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Two North Shore is located on Manufacturer's Boulevard in Chattanooga.

Two North Shore, the shopping complex that was part of a wave of hip and rapid development along North Chattanooga's riverfront, has been sold to a Pennsylvania company.

The $24 million purchase by a limited partnership of Stoltz Real Estate Partners marks yet another investment in the Scenic City by companies outside of Tennessee.

"It's a premier property for Chattanooga," said David DeVaney, president of NAI Charter Real Estate Corp. in Chattanooga. "It has a really cool vibe to it. That really made it exciting to retail investors."

Not just that, though. The city's capitalization rate - investors' rate of return - is higher here than in Atlanta, for example, or in many other cities of Chattanooga's size, DeVaney said. "That's why you're seeing some large transactions recently."

Several apartment complexes have sold to out-of-town investors during the past few years, totaling more than $100 million. Another sale, $15 million for Walnut Commons, is pending to a Nebraska company.

It's unclear just how much the Two North Shore sale compares with similar commercial retail sales in the area. But it's "probably closer to the higher side," DeVaney said. "A transaction like this doesn't come around often in Chattanooga."

Park Mills Properties 2 LLC signed over its deed to 2NS Holdings LP on Oct. 22. Park Mills members are Stephen Arnsdorff, owner of the Chattanooga real estate management firm CS & Associates, and Chuck Pruett, who owned Greenlife Grocery, Whole Foods' predecessor at Two North Shore.

The nearly 100,000 square feet of space on six acres at the shopping center on Manufacturers Road is home to about 20 tenants, most of them locally owned businesses, anchored by Whole Foods and Rock/Creek.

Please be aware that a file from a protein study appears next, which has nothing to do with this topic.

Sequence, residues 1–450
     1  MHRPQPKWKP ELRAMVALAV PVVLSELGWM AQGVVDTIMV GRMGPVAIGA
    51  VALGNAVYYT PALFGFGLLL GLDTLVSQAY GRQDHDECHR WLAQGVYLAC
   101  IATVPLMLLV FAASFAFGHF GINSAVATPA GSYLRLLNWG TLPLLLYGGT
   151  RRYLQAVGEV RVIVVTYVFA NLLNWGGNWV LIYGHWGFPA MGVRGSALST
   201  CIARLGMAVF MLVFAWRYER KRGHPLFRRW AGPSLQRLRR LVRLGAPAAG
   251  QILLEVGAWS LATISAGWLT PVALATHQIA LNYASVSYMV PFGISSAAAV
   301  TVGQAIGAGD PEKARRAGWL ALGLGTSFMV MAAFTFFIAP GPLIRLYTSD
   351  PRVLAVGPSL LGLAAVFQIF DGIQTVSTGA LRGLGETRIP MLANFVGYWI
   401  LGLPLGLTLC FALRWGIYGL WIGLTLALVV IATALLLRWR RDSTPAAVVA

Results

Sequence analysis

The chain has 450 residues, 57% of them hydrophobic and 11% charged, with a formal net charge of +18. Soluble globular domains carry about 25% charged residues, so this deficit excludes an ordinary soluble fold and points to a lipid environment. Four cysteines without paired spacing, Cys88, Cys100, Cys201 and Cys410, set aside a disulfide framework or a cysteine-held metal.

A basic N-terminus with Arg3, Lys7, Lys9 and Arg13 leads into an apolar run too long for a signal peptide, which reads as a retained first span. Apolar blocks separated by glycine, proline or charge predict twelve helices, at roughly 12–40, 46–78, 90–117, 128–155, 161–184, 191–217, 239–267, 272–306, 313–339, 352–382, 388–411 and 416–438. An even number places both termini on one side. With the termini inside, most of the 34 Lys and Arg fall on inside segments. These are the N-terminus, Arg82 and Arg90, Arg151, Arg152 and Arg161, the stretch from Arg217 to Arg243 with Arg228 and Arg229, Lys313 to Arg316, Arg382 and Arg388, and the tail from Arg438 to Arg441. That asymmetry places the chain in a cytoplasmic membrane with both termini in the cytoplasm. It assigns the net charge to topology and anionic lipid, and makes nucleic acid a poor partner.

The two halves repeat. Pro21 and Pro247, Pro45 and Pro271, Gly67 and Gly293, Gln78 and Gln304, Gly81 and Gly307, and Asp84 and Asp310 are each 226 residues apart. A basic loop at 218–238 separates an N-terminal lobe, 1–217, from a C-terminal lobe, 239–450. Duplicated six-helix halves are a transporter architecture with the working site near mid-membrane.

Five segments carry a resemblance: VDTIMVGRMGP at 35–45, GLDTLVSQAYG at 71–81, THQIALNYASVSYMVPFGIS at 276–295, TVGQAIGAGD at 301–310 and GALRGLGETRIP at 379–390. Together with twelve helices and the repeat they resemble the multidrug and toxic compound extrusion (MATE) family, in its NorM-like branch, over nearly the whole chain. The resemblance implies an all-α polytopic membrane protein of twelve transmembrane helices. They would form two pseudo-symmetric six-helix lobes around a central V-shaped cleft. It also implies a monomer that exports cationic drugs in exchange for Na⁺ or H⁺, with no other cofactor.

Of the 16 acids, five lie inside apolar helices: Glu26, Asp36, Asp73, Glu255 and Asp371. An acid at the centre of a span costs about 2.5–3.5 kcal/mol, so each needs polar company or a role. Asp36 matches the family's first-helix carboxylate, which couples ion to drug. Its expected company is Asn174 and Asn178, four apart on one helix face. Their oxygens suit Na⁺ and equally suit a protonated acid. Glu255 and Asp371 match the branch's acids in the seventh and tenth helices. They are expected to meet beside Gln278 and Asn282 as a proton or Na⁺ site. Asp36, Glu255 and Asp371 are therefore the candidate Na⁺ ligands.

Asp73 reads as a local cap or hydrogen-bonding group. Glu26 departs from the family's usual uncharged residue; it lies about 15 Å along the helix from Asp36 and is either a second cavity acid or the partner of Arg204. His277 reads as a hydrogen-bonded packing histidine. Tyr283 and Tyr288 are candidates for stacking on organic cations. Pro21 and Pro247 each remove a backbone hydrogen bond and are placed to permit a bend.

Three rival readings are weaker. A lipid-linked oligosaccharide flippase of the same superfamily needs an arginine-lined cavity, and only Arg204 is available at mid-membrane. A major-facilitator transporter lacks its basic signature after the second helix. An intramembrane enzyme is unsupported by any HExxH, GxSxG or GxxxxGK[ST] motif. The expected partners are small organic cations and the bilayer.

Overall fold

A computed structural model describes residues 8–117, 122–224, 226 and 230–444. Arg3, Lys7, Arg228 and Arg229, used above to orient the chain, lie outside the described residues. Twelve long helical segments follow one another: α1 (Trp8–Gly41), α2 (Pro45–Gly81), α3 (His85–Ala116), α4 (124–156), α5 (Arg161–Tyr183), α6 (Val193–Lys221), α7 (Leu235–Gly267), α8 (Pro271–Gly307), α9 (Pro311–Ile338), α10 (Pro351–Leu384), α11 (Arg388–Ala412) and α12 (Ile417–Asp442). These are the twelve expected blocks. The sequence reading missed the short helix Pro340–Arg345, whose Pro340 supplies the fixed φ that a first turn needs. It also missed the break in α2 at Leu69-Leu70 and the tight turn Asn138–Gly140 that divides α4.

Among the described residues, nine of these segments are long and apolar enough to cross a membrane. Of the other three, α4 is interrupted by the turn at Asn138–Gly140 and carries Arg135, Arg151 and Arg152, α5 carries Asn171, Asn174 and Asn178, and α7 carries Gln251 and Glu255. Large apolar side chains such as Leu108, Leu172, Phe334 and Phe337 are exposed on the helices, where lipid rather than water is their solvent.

Pruett and Arnsdorff built the complex in two phases, upgrading a run-down stretch of land many assumed had no promise with a Gold LEED-certified building, the first for a shopping center in the Volunteer State, according to the U.S. Green Building Council. Two North Shore's buildings opened between autumn 2007 and January 2009.

"We were making a statement of health and wellness. It's a commitment to the environment we wanted to create. It's something that's important to both of us," Arnsdorff said. "Anything we can do to contribute to a healthy lifestyle for all the people of Chattanooga is a wise thing and a moneymaker as well."

By all standards, the shopping center, which includes an electric vehicle recharging station, has been a success. One North Shore, the upscale condominium complex and retail space, is across the street, and a ripple of businesses rose around the corner on Cherokee Boulevard and Frazier Avenue. More are expected along Manufacturers Road just beyond the U.S. Highway 27 overpass.

Their "vision for this development was ahead of its time," said Rock/Creek marketing director Mark McKnight.

But that doesn't mean the owners wanted to hold on to their creation forever.

"Every property has its cycle, and you develop it and get it to a certain point, and you want to go do something else with your time," Arnsdorff said.

Arnsdorff declined to share how much it cost to build the complex, but noted that the city handled drainage, put in sidewalks and widened Manufacturers Road.

"The city was phenomenal," he said. "Part of the reason the area was improving was because the city was putting in the infrastructure. Without those kinds of improvements and investments on the part of the city, people like me wouldn't take the risk."

Pruett and Arnsdorff hired a broker to market the property nationally. Stoltz Real Estate Partners couldn't be reached for comment on Friday. The company, which has a management arm, was founded in 1957 and has retail, office, multifamily, mixed-use and industrial investments.

"They bought it because they like what's happened so far, so I'd expect them to continue the basic philosophy of what's going on there," Arnsdorff said.

That's what Rock/Creek is hoping. The outdoor store was the complex's first tenant.

"We were concerned from the beginning about what the sale would look like and what kind of management would take over," McKnight said. "I've actually met the Stoltz guys. I think they're committed to keep the parts that are working.

"It's not like they're buying a distressed property. Everybody is happy with the performance of the center."

Contact staff writer Mitra Malek at mmalek@timesfreepress.com or 423-757-6406.

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